Why the English Language Should Not Eclipse Uganda’s Local Languages

Has it ever occurred to you that the fact that we have different complexions and speak different languages is a testament to God’s love and appreciation of diversity? It is amazing that there are an estimated 6000 languages spoken around the world, but what’s alarming is that 40% of these languages face the threat of extinction unless everything is done to protect and preserve them.

For that matter, UNESCO should always be lauded and applauded for coming up with the International Mother Language Day which has been observed annually since 2000 to promote multilingualism and protect all mother languages worldwide.

One East African language?

Here in Uganda, it’s a shame that some schools still punish students who are caught speaking their mother tongues. This is because such schools insist on English language being the language of expression. What they forget is that although English is recognized as the official national language, it can never take the place of the mother tongue especially in a multi-ethnic nation where over forty (40) indigenous languages are spoken.

At a time like this when the trumpet of the East African Federation is sounding, it is better to ditch English and make Luganda and Swahili the national and East African official languages respectively since the two languages are popular and would push for the cause of the East Africa integration as well as give us regional identity.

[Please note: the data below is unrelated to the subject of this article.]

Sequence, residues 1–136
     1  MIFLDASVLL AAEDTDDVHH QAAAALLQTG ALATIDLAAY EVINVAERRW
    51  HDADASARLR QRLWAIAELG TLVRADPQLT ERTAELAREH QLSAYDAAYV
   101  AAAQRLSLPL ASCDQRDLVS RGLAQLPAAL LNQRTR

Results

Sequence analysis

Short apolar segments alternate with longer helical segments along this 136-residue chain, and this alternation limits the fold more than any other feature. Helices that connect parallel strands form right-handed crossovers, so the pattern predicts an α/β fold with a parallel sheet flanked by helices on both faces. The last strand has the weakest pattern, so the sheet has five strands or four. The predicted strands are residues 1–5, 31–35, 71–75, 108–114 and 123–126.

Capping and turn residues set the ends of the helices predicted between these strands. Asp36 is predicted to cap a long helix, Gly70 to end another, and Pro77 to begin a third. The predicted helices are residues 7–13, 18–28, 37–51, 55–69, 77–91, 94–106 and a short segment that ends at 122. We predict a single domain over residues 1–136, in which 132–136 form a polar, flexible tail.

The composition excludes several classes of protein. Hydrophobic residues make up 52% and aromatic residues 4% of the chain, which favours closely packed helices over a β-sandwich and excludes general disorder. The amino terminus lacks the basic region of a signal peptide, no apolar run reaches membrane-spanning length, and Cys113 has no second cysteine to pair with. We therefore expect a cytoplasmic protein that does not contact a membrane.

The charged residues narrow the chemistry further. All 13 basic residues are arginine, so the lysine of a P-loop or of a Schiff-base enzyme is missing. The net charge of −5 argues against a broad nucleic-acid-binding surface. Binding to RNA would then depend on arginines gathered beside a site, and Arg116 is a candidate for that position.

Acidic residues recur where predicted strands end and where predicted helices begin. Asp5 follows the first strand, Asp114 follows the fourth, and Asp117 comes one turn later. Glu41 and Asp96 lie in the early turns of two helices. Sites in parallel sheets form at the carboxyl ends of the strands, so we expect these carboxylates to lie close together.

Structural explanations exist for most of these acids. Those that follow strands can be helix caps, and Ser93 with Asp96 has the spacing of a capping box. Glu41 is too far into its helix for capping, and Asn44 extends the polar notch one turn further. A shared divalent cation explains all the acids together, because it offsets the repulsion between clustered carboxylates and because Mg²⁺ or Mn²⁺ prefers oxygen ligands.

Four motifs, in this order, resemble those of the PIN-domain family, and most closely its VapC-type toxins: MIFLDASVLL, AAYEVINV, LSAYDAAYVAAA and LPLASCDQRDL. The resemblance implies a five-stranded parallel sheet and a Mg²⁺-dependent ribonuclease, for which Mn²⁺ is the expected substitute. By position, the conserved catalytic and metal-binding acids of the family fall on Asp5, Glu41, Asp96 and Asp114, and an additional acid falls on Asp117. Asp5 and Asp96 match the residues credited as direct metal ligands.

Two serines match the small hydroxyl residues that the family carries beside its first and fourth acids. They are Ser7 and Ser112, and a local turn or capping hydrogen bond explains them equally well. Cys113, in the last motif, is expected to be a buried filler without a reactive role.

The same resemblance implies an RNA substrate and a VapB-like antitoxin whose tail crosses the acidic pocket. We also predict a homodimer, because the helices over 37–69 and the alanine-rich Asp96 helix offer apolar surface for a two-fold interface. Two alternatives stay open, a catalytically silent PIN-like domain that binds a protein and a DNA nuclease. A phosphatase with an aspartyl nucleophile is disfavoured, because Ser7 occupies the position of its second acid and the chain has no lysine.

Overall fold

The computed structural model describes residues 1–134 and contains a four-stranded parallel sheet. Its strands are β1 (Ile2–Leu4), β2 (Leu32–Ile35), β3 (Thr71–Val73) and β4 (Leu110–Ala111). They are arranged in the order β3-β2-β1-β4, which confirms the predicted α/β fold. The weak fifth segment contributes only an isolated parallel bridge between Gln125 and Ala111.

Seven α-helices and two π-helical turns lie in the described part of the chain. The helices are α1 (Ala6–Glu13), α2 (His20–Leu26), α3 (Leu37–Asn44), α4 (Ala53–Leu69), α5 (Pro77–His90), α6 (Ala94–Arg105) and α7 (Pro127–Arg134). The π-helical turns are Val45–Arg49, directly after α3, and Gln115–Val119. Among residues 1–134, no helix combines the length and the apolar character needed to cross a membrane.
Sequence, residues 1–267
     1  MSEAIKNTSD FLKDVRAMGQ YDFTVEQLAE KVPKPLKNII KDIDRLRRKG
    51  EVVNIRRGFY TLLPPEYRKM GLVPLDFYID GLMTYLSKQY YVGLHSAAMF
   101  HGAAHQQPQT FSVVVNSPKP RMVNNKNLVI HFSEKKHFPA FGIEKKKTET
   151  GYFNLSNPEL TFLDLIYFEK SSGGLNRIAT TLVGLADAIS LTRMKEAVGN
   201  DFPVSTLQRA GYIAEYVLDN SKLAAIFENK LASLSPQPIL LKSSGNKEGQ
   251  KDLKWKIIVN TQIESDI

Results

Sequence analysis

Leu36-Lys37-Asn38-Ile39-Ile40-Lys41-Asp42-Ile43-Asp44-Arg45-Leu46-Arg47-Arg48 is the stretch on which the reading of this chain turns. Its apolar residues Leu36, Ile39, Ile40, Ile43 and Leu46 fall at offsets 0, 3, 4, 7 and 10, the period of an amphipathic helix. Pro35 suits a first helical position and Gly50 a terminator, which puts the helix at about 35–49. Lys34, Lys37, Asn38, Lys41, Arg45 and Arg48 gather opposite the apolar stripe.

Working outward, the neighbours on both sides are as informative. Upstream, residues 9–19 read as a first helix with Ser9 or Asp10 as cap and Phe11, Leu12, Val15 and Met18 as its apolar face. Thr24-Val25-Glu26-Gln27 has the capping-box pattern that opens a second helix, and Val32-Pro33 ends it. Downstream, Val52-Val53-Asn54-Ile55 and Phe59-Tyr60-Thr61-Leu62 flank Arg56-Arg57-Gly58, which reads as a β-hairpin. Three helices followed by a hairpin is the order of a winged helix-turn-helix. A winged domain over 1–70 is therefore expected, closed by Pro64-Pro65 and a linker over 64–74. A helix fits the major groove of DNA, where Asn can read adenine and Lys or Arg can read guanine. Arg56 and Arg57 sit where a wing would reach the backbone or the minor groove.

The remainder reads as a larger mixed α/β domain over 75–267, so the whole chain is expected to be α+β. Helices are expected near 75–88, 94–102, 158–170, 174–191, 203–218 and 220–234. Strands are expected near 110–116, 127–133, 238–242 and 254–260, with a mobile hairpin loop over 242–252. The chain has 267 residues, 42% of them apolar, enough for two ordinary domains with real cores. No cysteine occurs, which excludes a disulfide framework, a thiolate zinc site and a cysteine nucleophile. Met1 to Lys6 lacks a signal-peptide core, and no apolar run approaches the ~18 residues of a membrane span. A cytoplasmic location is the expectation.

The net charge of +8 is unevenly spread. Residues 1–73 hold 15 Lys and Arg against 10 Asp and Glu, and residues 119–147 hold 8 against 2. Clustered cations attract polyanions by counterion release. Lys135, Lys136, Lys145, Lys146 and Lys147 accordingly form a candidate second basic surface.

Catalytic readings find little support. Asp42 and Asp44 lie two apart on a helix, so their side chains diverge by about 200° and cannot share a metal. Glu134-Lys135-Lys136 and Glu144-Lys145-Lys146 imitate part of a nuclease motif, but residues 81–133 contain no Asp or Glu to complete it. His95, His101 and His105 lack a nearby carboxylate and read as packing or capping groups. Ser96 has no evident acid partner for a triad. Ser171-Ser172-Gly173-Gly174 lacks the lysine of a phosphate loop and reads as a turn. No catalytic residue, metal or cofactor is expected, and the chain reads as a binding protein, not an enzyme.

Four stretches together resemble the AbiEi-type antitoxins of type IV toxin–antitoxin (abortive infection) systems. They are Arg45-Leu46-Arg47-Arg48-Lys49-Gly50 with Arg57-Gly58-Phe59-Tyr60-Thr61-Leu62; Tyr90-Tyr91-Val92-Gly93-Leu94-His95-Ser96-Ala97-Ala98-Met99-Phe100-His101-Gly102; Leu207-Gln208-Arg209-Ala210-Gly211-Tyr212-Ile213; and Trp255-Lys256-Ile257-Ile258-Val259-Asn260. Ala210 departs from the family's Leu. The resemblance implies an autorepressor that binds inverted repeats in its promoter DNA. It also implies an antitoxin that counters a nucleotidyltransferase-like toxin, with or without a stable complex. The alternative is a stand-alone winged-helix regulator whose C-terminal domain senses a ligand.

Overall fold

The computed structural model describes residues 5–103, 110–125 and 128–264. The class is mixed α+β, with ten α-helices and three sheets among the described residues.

Need for a national language policy

Otherwise a language policy needs to be passed by the national assembly whereby local languages become the medium of instruction as was the case back then, at least up to upper primary schools. For creative artists, the better language to write in and generally express themselves in is their mother tongue. That is why musicians like Paulo Kafeero, Elly Wamala and the Afrigo Band are legendary because of the mastery of their first language—Luganda in which they sung about things that their listeners could relate to.

According to UNESCO, “Languages are the most powerful instruments of preserving and developing our tangible and intangible heritage. All moves to promote the dissemination of mother tongues will serve not only to encourage linguistic diversity and multilingual education but also to develop fuller awareness of linguistic and cultural traditions throughout the world and to inspire solidarity based on understanding, tolerance and dialogue.”

Let us therefore continue to promote our mother tongues by writing in them, speaking them, and translating our popular books into local languages. Thus we need more African legal language translators, African Financial translations, African conference interpreters and translation services from Somalia to Ghana translation services to keep the dream of African languages alive.